Morrowind Overhaul 3.0: A monument to modding

Even though it’s 10 years old now, The Elder Scrolls III: Morrowind is one of those things that just gets better and better with age. Out of the box, it’s as good a game as it was the day it was released, but now you can improve it even more, thanks to the monument to PC gaming modding that is Morrowind Overhaul 3.0.

The enterprising modders over at Ornitocopter have taken it into their own hands to bring this gaming classic up to speed with the modern world, giving it a much needed graphical overhaul that lets it stand beside, if not quite demolish, the likes of Skyrim and Oblivion. It's the biggest, baddest edition of one of the best mods we've ever seen, and it's easier to use than ever before. Would you believe that this amazing mod was all convieniently tucked away in a hassle free installer? Yeah, it is.

Alright, so it’s a little hard to describe the graphical improvements to be had here, so we’ll just share a few screenshots with you. But the bottom line is that this package highlights everything that’s great about PC gaming – the customization, and the community spirit that drives it along. How many console games still have an active community playing them after 10 years, let alone improving them? That’s right: none! And needless to say, if you haven't played Morrowind, go get it. Now.

Source: Ornitocopter | Via PC Gamer

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13 Comments

How many console games still have an active community playing them after 10 years, let alone improving them? That's right: none!

This isn't a very fair comment. For all intents and purposes, the entire console emulation community is a better answer than that "none" you so cheerfully offered. It's an active, difficult-to-measure class of gamers that still play games *much* older than 10 years. As far as improving them, I can give two very obvious examples:

1. Emulators themselves, which do so much to make old console games look great on displays far more advanced than the old TVs they were designed for. They've given us internet multiplayer and on-demand state saving, as well.

2. The ROM hackers, who bring us translations for games that were never brought to our shores, or graphical enhancements, new/modified levels, difficulty hacks, and total game overhauls.

I realize you're excited about the Morrowind Overhaul, but your little cheerful "none" comment about an active community enhancing 10+ year old console games is so completely, provably false, it hurts my soul a little just to explain it. Way to write off a long time corner of Internet culture.

Anyway, thanks for the screen shots. *thumbs up*

Joshie said,

...

Hey, believe me, I've emulated and played far older console games on the original hardware. I was just trying to make a point about modding - there's really nothing comprehensive to compare it to, and I think it's one of the great things about PC gaming.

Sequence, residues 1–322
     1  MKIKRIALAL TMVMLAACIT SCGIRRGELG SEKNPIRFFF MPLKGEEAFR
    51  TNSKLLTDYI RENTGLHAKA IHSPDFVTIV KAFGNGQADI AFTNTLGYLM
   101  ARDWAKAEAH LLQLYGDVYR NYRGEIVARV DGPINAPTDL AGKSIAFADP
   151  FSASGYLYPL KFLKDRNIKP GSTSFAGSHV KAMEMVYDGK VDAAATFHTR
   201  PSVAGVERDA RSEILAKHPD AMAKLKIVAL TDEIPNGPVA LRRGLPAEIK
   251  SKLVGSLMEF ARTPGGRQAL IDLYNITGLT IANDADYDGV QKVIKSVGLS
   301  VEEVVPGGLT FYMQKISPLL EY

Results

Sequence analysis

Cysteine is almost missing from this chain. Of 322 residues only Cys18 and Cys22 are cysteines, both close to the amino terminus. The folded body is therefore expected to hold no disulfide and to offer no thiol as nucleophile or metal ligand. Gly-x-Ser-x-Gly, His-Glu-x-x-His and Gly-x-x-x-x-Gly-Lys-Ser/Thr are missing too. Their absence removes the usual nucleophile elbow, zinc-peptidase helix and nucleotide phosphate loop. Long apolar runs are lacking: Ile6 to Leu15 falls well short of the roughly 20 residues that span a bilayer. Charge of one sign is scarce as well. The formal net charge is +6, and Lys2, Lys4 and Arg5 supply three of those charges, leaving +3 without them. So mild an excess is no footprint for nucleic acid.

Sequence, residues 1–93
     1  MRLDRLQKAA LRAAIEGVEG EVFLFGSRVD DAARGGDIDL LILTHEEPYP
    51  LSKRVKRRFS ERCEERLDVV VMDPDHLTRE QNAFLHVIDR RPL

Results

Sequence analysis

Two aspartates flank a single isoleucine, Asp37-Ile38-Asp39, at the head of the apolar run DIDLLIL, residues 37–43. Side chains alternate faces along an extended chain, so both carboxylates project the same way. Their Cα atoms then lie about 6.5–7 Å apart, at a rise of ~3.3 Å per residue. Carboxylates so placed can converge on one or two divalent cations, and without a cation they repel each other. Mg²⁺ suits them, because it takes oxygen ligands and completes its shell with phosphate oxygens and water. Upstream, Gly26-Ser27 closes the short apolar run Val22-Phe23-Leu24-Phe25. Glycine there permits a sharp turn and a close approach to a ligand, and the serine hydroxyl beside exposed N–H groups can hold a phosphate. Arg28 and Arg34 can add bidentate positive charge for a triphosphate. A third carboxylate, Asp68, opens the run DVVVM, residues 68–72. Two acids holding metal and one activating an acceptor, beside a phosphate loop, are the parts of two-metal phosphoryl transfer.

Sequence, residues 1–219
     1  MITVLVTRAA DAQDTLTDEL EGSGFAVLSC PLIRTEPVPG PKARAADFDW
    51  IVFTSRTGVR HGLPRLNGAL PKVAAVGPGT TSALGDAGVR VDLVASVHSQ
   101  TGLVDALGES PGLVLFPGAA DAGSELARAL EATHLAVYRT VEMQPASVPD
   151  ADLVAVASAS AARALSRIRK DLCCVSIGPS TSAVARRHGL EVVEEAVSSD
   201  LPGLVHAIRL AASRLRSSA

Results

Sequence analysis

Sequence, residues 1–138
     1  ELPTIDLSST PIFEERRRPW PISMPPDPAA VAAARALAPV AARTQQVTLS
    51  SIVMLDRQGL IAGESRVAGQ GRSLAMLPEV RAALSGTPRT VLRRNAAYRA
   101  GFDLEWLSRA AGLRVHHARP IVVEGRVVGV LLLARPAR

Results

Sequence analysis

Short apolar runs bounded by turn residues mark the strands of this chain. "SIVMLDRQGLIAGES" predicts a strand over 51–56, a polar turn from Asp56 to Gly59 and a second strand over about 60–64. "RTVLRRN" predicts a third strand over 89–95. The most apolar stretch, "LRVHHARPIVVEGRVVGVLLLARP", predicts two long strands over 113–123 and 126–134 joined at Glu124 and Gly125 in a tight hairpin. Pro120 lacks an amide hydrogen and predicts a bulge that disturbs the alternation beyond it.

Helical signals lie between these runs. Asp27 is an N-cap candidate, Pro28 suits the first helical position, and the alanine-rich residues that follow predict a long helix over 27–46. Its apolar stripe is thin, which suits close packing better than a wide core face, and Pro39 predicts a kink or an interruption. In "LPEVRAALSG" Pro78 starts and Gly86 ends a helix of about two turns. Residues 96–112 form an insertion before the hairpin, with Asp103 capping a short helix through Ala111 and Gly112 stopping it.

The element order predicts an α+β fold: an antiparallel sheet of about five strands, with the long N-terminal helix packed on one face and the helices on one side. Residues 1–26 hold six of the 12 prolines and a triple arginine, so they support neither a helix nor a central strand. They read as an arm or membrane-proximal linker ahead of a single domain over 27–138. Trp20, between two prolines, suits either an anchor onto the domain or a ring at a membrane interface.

THolman said,

Hey, believe me, I've emulated and played far older console games on the original hardware. I was just trying to make a point about modding - there's really nothing comprehensive to compare it to, and I think it's one of the great things about PC gaming.

to be honest custom made content and modding communities are the ONLY great things about PC gaming, the one and only thing i was sad to leave behind (remembering kotor, morrowind, oblivion, freespace, deus ex... still playing ottd )

THolman said,

Hey, believe me, I've emulated and played far older console games on the original hardware. I was just trying to make a point about modding - there's really nothing comprehensive to compare it to, and I think it's one of the great things about PC gaming.


There have literally been projects to bring the visuals and content of sequels to predecessors in console gaming. The original NES Mario ROMs have seen updates to use later 16-bit remake visuals. Entire levels have seen backports. RPGs have had original towns, monsters, characters, and overworld maps completely redrawn and redesigned. It is point-for-point the exact same sort of modding that you see in TES games.

I understand what you're saying, but it still feels like you're writing off a whole community because of particular fuzzy feelings you get when you see the same activities on one particular platform.

THolman said,

Hey, believe me, I've emulated and played far older console games on the original hardware. I was just trying to make a point about modding - there's really nothing comprehensive to compare it to, and I think it's one of the great things about PC gaming.


http://www.smwcentral.net/

Alladaskill17 said,
The fact that zero screenshots have NPC's in them is interesting, cool nonetheless.

Umm, the 4th screenshot above (the one of the house) has a NPC in the back.

The TES games are terrible RPGs with generic storylines, terrible writing, no actual dialogue, no memorable characters, combat void of tactical depth, uninteresting player character development, immense worlds filled with nothing and random encounters. The complete lack of context and purpose to everything you do in these games is an experience in nihilism and depression.

The only thing they have going for them is really nice-looking environments and excellent modding tools. So basically all TES games have become playgrounds for amateur 3d artists to show off their work. It's a thriving community but it hasn't much to do with role-playing. The trailer for this mod is a good illustration of this phenomenon.

Edited by Andre S., Oct 5 2012, 2:39am :

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